Background: Women with polycystic ovary syndrome (PCOS) often have vitamin D deficiency, a known risk factor for severe COVID-19 disease. Alveolar macrophage-derived cytokines contribute to the inflammation underlying pulmonary disease in COVID-19. We sought to determine if basal macrophage activation, as a risk factor for COVID-19 infection, was present in PCOS and, if so, was further enhanced by vitamin D deficiency.

Methods: A cross-sectional study in 99 PCOS and 68 control women who presented sequentially. Plasma levels of a macrophage-derived cytokine panel were determined by Slow Off-rate Modified Aptamer (SOMA)-scan plasma protein measurement. Vitamin D was measured by tandem mass spectroscopy.

Results: Vitamin D was lower in PCOS women (p<0.0001) and correlated negatively with body mass index (BMI) in PCOS (r=0.28, p=0.0046). Basal macrophage activation markers CXCL5, CD163 and MMP9 were elevated, whilst protective CD200 was decreased (p<0.05); changes in these variables were related to, and fully accounted for, by BMI. PCOS and control women were then stratified according to vitamin D concentration. Vitamin D deficiency was associated with decreased CD80 and IFN-γ in PCOS and IL-12 in both groups (p<0.05). These factors, important in initiating and maintaining the immune response, were again accounted for by BMI.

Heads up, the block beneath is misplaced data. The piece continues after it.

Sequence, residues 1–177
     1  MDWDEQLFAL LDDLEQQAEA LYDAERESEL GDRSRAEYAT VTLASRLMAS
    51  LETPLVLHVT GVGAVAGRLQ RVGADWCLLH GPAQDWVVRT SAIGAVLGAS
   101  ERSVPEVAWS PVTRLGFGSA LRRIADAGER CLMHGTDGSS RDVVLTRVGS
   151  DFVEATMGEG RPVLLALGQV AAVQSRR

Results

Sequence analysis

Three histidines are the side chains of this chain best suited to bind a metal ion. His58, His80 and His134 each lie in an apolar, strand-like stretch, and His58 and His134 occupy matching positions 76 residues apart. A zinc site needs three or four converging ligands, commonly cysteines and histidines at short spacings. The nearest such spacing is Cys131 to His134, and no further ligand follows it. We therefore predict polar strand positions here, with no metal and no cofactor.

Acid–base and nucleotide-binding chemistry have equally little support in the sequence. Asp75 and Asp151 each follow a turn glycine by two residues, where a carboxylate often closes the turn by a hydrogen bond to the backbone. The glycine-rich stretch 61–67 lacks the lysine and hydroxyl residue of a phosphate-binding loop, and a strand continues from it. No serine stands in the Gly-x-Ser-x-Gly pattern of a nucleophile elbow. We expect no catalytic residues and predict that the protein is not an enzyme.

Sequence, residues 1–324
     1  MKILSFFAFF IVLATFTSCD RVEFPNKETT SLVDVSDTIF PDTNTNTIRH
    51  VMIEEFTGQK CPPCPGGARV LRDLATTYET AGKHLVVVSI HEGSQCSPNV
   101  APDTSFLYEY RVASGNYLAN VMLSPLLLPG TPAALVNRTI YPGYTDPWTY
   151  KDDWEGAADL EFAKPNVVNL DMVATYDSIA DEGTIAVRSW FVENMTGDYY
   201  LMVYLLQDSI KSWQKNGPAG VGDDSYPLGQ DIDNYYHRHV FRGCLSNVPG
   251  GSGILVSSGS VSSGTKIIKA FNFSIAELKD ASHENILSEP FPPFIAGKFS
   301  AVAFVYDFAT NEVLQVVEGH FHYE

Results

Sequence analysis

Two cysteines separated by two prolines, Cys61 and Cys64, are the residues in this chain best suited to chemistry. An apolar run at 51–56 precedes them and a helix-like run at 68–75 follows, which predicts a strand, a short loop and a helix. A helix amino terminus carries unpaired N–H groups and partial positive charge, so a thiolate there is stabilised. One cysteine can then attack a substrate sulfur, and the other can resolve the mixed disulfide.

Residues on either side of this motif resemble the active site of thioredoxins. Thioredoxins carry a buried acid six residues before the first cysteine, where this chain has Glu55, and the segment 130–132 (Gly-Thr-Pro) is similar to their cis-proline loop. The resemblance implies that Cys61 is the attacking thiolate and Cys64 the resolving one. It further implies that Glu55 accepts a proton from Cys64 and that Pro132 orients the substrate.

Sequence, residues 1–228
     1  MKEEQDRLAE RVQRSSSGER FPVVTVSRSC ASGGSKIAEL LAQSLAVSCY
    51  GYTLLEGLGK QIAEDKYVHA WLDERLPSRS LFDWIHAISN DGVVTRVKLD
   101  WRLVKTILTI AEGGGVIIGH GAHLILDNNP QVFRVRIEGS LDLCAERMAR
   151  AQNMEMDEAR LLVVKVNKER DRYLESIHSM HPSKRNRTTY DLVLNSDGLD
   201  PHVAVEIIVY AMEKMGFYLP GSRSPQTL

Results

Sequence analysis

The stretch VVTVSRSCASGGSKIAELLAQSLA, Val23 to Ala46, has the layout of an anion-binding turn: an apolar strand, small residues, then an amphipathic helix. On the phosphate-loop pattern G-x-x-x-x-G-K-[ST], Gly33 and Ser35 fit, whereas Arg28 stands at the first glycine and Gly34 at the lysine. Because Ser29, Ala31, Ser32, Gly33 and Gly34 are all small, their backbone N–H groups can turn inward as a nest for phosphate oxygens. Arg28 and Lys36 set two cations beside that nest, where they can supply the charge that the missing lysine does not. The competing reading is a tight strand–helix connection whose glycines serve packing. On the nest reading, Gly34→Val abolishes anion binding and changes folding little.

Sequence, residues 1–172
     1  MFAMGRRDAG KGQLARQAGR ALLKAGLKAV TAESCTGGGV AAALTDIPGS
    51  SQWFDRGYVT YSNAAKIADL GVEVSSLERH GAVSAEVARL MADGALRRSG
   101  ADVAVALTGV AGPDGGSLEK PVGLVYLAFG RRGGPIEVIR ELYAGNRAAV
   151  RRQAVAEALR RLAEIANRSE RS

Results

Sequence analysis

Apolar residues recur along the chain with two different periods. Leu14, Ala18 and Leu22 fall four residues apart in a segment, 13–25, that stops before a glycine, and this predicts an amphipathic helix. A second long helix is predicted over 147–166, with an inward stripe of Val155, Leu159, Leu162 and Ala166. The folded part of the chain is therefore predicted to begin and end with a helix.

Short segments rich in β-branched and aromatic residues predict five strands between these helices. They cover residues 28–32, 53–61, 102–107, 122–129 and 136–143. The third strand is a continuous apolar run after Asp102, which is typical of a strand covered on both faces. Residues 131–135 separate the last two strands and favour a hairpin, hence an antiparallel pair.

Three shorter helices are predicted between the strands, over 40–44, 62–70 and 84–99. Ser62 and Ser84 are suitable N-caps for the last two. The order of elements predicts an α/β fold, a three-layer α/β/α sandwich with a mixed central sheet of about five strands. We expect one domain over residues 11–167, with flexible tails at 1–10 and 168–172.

Conclusion: Basal macrophage activation was higher in PCOS with macrophage changes related with increased infection risk associating with vitamin D; all changes were BMI dependent, suggesting that obese PCOS with vitamin D deficiency may be at greater risk of more severe COVID-19 infection, but that it is obesity-related rather than an independent PCOS factor.
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http://dx.doi.org/10.3389/fendo.2021.638621DOI Listing
http://www.ncbi.nlm.nih.gov/pmc/articles/PMC7947877PMC
March 2021

Metabolic consequences of obesity on the hypercoagulable state of polycystic ovary syndrome.

Sci Rep 2021 Mar 5;11(1):5320. Epub 2021 Mar 5.

Royal College of Surgeons in Ireland Bahrain, Adliya, Kingdom of Bahrain.